At the moment our war expenditure does not present any special features which call for comment. Despite its continued high level, I am sure that the Committee will wish to grant whatever is necessary to carry the war on to a successful conclusion as soon as possible. For my part I am confident that we shall continue to the end to finance it on those same sound lines which have contributed so much to the strength and success of our military effort.

I am quite aware that it is the wish of hon. Members to proceed at the earliest moment to the Business with which we are all waiting to deal. In those circumstances, and in view of the fact that we shall have an opportunity on the Report stage of this Resolution for a Debate on the financial aspects which the Chancellor has very clearly set out for us, I do not propose to say anything now.

I rise to express the hope that the Chancellor will take advantage of the fact that he has a seat in the War Cabinet to impress constantly upon his colleagues the desirability of devoting these sums of money as exclusively as possible to purposes calculated to end the war quickly. I hope that he will set his face against portions of this money being used for other purposes, merely because, in different circumstances, money has been spent on those purposes before. To give one example, I personally do not believe that the war would be prolonged by a single day if the Ministry of Economic Warfare was entirely abolished. I hope that the Chancellor will insist on the money being spent on purposes really calculated to bring the war to close. He has a great responsibility in this regard, because under present conditions the House of Commons is not able to exercise any effective control over the expenditure of money, and we have to rely entirely on him. He has a lone hand in the Government. I hope that he will realise that he has the sympathy of this House in endeavouring to ensure that these vast sums are really spent on the purposes for which they are intended, the effective prosecution of the war and the bringing of it to a quick conclusion.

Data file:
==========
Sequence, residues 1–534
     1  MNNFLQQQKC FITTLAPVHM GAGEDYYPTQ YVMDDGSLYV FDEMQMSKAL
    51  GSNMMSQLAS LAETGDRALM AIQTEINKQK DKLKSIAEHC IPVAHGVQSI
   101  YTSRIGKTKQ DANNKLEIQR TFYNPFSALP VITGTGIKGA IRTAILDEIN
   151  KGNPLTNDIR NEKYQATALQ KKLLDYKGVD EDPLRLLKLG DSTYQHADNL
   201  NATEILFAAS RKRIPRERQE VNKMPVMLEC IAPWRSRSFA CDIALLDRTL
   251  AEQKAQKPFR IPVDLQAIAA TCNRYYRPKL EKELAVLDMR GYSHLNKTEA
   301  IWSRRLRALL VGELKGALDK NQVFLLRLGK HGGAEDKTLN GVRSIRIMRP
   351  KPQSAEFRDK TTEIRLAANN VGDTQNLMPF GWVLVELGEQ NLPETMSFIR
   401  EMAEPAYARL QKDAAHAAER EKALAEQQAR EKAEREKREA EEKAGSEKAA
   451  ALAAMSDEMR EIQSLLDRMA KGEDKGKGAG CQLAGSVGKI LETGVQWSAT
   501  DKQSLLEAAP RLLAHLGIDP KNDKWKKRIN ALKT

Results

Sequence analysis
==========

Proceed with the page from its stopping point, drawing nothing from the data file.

Question put, and agreed to.

Resolved,

"That a Supplementary sum, not exceeding £1,250,000,000, be granted to His Majesty, towards defraying the expenses which may be incurred during the year ending on the 31st day of March, 1944, for general Navy, Army and Air services and supplies in so far as specific provision is not made therefore by Parliament; for securing the public safety, the defence of the realm, the maintenance of public order and the efficient prosecution of the war; for maintaining supplies and services essential to the life of the community; and generally for all expenses, beyond those provided for in the ordinary Grants of Parliament, arising out of the existence of a state of war."

Resolution to be reported upon the next Sitting Day; Committee to sit again upon the next Sitting Day.

Ways And Means

Considered in Committee.

[MAJOR MILNER in the Chair]

Resolved,

"That towards making good the Supply granted to His Majesty for the Service of the year ending on the 31st day of March, 1944, the sum of £1,250,000,000 be granted out of the Consolidated Fund of the United Kingdon."—[Sir John Anderson.]

Resolution to be reported upon the next Sitting Day; Committee to sit again upon the next Sitting Day.

The remaining Orders were read, and postponed.